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Cubbies On My Mind: Good Losses and the Front Office Strikes Again

In this edition of "Cubbies On My Mind," Christopher O'Neil discusses the idea of good losses for the Cubs and the magic of Theo and Jed. Check it out here.

Good Losses?

As Nelson Mandela said, “I never lose. I either win or learn.”

The Chicago Cubs had two drastically different games on Monday and Tuesday, with both resulting in losses. Obviously, the Cubs never want to leave the stadium without flying that famous “W” flag. But in both of those games, there were learning opportunities.

Monday evening, the team played from behind right from the start, with spot-starter Luke Farrell getting the start due to the five-game, four-day series against the St. Louis Cardinals exiting the All-Star break. Farrell gave up five runs in the top of the first, and with Diamondbacks’ starter Patrick Corbin showing no signs of weakness, Joe Maddon elected to save the bullpen as much as he could by using Victor Caratini and Anthony Rizzo as pitchers late in the game.

Rizzo had been asking Maddon for the opportunity to pitch for years, and the story had gained traction within the fan-base after the blowout loss to the Cardinals just three days earlier. When Rizzo finally got the opportunity to pitch in the ninth inning on Monday, the crowd went wild and there were smiles all around. It was a team-building moment for the Cubs and made the loss a little more bearable.

On Tuesday, the team was unable to put together any kind of offensive attack and fell to the D-Backs 5-1. The smiles were gone from the previous night, and one camera shot during the ninth inning showed Willson Contreras and Kyle Schwarber sitting in the dugout visibly frustrated with the back-to-back losses.

Every team loses sometimes. The good ones can laugh off the occasional defeat, but the Cubs are a proud team. They are a team that knows they have statistically the best offense in the league and they took the struggles against the Diamondbacks to heart.

On Wednesday the Cubs returned to form, scoring late to break a tie and taking advantage of errors. Thursday, the team roared back from an early 6-1 deficit with back-to-back home runs in the bottom of the ninth to win 7-6 and split the series.

Obviously the Cubs are always going to be working hard and doing their best. But sometimes, over the course of a 162-game season, a little extra push helps right the ship. This team seemed to take the two losses early in the week and turn them into a learning experience, using it to push them forward.

Theo and Jed Are Still Two Steps Ahead

We are now a week into the Jesse Chavez era for the Cubs and the 34-year-old veteran has been nearly unhittable since joining the club. He’s appeared in four games, allowing just one base-runner in five innings.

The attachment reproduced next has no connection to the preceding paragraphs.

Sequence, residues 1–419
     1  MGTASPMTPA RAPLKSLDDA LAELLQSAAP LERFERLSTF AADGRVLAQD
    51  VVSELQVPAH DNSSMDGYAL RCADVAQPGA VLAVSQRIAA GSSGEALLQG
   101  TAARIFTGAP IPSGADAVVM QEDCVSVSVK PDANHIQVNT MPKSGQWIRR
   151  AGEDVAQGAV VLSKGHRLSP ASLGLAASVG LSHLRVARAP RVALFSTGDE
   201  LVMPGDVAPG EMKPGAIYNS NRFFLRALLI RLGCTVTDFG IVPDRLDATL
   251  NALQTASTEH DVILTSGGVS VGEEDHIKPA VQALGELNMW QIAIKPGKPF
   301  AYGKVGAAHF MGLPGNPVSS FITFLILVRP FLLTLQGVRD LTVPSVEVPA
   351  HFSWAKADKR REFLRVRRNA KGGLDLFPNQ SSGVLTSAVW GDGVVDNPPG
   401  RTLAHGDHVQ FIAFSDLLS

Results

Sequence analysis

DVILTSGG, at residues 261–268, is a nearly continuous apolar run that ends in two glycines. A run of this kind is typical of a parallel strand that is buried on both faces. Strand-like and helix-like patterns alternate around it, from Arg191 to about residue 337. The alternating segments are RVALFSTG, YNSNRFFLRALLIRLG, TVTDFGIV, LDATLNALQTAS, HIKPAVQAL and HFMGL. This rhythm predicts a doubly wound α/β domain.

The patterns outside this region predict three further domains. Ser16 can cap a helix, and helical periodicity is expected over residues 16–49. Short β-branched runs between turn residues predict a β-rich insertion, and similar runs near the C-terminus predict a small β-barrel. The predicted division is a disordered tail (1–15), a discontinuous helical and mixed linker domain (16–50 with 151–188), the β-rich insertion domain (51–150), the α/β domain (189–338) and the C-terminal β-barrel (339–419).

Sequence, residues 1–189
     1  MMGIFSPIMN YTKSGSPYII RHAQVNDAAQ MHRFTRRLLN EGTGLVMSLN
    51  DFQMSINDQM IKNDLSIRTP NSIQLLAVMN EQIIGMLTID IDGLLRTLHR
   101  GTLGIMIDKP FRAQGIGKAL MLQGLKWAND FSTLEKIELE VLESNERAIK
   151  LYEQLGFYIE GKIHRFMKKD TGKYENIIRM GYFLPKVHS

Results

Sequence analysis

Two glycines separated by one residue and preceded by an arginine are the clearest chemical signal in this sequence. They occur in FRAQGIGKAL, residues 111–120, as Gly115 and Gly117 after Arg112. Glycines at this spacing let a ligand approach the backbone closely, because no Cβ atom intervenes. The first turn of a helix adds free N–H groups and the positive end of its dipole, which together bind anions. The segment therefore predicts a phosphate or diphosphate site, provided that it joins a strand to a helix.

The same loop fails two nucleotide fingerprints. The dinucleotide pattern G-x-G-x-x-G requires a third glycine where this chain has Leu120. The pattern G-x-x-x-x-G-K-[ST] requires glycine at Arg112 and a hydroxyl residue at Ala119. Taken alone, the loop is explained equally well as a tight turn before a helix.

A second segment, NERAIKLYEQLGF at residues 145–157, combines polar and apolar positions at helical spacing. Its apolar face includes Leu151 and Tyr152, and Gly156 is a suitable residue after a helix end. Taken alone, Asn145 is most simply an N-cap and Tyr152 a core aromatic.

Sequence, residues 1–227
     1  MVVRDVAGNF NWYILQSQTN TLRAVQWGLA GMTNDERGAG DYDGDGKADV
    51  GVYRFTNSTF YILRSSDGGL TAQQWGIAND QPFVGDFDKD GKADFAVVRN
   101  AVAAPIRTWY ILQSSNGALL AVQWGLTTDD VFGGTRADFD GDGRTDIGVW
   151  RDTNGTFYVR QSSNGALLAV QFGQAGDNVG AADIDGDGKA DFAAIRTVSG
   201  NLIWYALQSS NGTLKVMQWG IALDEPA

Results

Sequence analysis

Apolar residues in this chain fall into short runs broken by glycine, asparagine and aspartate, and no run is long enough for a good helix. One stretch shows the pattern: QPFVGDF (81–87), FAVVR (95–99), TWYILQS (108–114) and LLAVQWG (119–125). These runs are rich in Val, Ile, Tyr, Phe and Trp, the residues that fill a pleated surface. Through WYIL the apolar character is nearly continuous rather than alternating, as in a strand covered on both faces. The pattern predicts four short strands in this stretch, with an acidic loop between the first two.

The journeyman right-hander had a good season for the Rangers this year, but as Brett Taylor at Bleacher Nation discusses here, Chavez’s success has blossomed even more since an arm slot adjustment over Mother’s Day weekend.

The knowledge of a change like this for a reliever that might not reach the radar of some teams is exactly what Jed Hoyer and Theo Epstein love to jump upon. The result is an acquisition of a reliever who has quickly become a trusted member for Maddon in exchange for a low-level minor leaguer, while other teams have been forced to give up elite prospects to acquire trade deadline difference-makers.

I’m not saying Chavez is this year’s Aroldis Chapman, but with the trade deadline approaching quickly, Cubs fans should continue to wear their “In Theo We Trust” gear proudly, as the front office is clearly working diligently to find that proverbial diamond in the rough.

Stats of the Week

Starter ERA – 4.04 (13th lowest in MLB) – That’s right. As much as the starting rotation has struggled this season, they are still in the top half of the league in ERA. The group has struggled to go deep into games, but for the most part, they have managed to limit the number of runs. For comparison, the league average is 4.21.

Starter WHIP – 1.38 (23rd lowest in MLB) – This is the scary part. While they have managed to limit the actual runs scored, the rotation’s WHIP shows that they are playing with fire. This is because they can’t find the strike zone, giving up the second most walks of any staff in the league. They rank 10th in hits allowed, but if they don’t do a better job at limiting baserunners, it is going to cost them in the long-run.

Follow Christopher O’Neil on Twitter-Feature Photo Credit: Chicago Tribune


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